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Chesty Puller

United States Marine Corps general

Lieutenant General


Lewis Burwell Puller

Chesty-puller.jpg

Puller in 1950

Nickname(s)"Chesty"
Born(1898-06-26)June 26, 1898
West Point, Virginia
DiedOctober 11, 1971(1971-10-11) (aged 73)
Hampton, Virginia
Buried

Christchurch Parish Cemetery
Christ Church, Saluda, Virginia

AllegianceUnited States
Service/branchUnited States Marine Corps
Years of service1918–1955
RankLieutenant General
Unit1st Marine Division
Commands held2nd Marine Division
3rd Marine Division
1st Marines
1st Battalion, 7th Marines
2nd Battalion, 4th Marines
Battles/warsBanana Wars

World War II

Korean War

AwardsNavy Cross (5)
Distinguished Service Cross
Silver Star
Legion of Merit w/ "V" Device (2)
Bronze Star Medal w/ "V" Device
Air Medal (3)
Purple Heart
Spouse(s)Virginia Montague Evans
RelationsLewis Burwell Puller, Jr. (son)

Lewis Burwell "Chesty" Puller (June 26, 1898 – October 11, 1971) served as a United States Marine Corps officer. Beginning his career fighting guerillas in Haiti and Nicaragua as part of the Banana Wars, he later served with distinction in World War II and the Korean War as a senior officer. By the time of his retirement in 1955, he had reached the rank of lieutenant general.

Puller is the most decorated Marine in American history. He was awarded 5 Navy Crosses and one Distinguished Service Cross. With 6 crosses, Puller is second behind Eddie Rickenbacker for citations of the nation's second-highest military award for valor.[1] Puller retired from the Marine Corps in 1955, after 37 years of service. He lived in Virginia and died in 1971 at age 73.

Contents

  • 1Early life
  • 2Interwar years
    • 2.1United States occupation of Haiti
    • 2.2United States occupation of Nicaragua
      • 2.2.1Patrolling, June 4–6, 1930
      • 2.2.2Further operations, June 12-July 12, 1930
      • 2.2.3Attempted ambush against the rebels, further pursuit, and raiding a rebel camp, November 6–27, 1930
      • 2.2.4Patrol and Raid against the rebels September 20–26, 1932
      • 2.2.5Final battle in Nicaragua 26 December 1932
    • 2.3Aftermath
  • 3World War II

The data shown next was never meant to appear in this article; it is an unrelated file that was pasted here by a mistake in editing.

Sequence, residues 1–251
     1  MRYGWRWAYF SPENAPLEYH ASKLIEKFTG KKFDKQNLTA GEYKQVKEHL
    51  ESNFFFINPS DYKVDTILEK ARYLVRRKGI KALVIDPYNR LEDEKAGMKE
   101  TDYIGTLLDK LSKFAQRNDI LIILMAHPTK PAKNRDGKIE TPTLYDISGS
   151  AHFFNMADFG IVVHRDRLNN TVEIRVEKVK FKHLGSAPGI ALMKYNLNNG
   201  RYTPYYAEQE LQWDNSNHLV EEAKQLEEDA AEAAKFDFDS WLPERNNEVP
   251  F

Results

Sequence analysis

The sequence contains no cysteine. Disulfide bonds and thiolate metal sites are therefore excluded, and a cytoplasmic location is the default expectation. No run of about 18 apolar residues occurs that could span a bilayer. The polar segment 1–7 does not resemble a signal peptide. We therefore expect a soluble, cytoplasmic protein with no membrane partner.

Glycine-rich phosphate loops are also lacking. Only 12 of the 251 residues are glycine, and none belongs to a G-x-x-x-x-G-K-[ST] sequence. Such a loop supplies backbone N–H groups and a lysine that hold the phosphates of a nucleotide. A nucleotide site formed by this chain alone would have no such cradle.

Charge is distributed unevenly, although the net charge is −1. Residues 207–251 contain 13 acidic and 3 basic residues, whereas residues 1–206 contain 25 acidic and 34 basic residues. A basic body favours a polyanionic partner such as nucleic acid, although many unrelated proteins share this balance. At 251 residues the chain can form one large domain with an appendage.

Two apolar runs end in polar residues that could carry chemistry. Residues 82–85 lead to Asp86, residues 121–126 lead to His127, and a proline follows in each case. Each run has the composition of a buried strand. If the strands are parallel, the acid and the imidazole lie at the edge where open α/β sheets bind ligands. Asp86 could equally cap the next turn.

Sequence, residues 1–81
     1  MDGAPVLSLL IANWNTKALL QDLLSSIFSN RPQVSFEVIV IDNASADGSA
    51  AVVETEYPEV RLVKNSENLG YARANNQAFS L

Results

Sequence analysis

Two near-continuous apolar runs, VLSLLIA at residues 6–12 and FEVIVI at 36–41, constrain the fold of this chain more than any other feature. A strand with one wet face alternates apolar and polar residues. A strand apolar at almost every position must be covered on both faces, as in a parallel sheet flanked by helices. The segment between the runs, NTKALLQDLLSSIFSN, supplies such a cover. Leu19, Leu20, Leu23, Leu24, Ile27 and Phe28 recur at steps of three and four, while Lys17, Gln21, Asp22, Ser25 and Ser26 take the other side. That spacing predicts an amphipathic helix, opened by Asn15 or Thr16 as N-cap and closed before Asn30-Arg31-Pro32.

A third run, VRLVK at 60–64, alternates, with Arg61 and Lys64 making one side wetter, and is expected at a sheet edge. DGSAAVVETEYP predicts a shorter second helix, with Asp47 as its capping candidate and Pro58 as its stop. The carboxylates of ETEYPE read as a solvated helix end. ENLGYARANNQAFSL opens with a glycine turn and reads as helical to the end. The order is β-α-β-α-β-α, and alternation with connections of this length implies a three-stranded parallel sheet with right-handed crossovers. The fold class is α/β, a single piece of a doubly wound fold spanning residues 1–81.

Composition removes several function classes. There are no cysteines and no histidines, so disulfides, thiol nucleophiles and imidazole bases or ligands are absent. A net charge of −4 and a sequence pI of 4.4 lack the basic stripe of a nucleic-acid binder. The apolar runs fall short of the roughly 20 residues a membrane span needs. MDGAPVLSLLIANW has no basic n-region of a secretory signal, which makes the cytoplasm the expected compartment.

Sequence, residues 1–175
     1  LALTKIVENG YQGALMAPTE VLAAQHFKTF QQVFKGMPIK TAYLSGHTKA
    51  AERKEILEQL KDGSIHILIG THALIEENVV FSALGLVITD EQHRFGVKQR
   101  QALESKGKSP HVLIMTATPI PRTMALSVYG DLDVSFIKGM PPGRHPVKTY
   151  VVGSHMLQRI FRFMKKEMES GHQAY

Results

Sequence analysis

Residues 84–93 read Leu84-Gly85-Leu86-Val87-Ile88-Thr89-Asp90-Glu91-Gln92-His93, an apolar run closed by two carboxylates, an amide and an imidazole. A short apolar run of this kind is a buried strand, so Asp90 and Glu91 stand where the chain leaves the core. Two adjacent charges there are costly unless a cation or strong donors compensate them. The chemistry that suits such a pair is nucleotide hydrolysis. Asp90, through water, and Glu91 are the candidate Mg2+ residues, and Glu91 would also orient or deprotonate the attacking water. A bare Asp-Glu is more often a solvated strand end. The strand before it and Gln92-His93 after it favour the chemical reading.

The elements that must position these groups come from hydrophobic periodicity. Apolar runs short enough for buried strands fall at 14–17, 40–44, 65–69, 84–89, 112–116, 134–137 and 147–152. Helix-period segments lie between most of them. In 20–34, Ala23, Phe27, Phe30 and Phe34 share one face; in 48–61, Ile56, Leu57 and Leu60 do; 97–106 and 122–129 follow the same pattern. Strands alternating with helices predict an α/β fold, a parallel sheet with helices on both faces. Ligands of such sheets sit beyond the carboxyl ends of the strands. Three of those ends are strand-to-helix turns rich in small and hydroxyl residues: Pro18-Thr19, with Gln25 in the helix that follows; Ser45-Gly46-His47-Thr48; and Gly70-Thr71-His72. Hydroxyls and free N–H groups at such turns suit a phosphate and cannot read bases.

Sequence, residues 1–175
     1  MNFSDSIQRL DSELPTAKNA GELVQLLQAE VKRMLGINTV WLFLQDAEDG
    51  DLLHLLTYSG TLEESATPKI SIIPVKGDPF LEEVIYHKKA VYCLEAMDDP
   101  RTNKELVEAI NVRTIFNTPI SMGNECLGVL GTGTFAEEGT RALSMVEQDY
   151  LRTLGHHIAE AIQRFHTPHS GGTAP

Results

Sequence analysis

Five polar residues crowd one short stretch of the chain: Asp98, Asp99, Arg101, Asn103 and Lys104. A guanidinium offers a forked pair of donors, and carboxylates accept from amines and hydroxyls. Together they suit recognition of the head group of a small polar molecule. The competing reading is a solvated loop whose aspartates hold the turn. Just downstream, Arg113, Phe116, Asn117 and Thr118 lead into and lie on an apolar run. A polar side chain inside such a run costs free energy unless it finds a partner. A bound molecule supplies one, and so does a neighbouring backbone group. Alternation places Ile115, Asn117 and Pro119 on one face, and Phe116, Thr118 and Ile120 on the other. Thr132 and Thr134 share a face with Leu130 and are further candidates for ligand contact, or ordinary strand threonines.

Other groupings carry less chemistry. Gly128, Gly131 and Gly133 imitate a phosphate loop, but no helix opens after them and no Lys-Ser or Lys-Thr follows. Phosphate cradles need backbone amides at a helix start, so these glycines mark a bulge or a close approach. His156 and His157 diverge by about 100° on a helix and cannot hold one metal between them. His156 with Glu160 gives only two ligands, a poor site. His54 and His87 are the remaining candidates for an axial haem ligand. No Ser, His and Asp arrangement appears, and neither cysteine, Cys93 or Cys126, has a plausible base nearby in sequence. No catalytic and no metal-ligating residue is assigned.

• 4Korean War
  • 5Post-Korean War
  • 6Relations
  • 7Decorations and awards
  • 8Namesakes and honors
  • 9Death and legacy
  • 10In popular culture
  • 11See also
  • 12References
  • 13Bibliography
  • 14External links

Early life[edit]

Puller was born in West Point, Virginia, to Matthew and Martha Puller. Puller was of English ancestry; his ancestors who came to America emigrated to the colony of Virginia from Bedfordshire, England in 1621.[2] His father was a grocer who died when Puller was 10 years old. Puller grew up listening to old veterans' tales of the American Civil War and idolizing Thomas "Stonewall" Jackson. He wanted to enlist in the United States Army to fight in the Border War with Mexico in 1916, but he was too young and could not get parental consent from his mother.[3]

The following year, Puller attended the Virginia Military Institute but left in August 1918 as World War I was still ongoing, saying that he wanted to "go where the guns are!"[4] Inspired by the 5th Marines at Belleau Wood, he enlisted in the United States Marine Corps as a private and attended boot camp at the Marine Corps Recruit Depot, Parris Island, South Carolina.[3] Although he never saw action in that war, the Marine Corps was expanding, and soon after graduating he attended its non-commissioned officer school and Officer Candidates School (OCS) at Quantico, Virginia. Graduating from OCS on June 16, 1919, Puller was appointed second lieutenant in the reserves, but the reduction in force from 73,000 to 1,100 officers and 27,400 men[5] following the war led to his being put on inactive status 10 days later and given the rank of corporal.[3]

Interwar years[edit]

First Lieutenant Lewis "Chesty" Puller (center left) and Sergeant William "Ironman" Lee(center right) and two Nicaraguan soldiers in 1931

United States occupation of Haiti[edit]

Corporal Puller received orders to serve in the Gendarmerie d'Haiti as a lieutenant, seeing action in Haiti.[6] While the United States was working under a treaty with Haiti, he participated in over forty engagements during the ensuing five years against the Caco rebels and attempted to regain his commission as an officer twice. In 1922, he served as an adjutant to Major Alexander Vandegrift, a future Commandant of the Marine Corps.

Supply Run[edit]

Puller received orders to deliver supplies to Mirebalais and Las Cahobas. These two small towns were located in a region where there was a significant presence of Caco guerrillas under the command of Benoît Batraville who was a high ranking insurgent leader. Puller's supply party consisted of twenty-five mounted Haitian Gendarmes along with the pack animals. Puller kept his force moving rapidly to avoid risking an ambush or night attack by the Caco.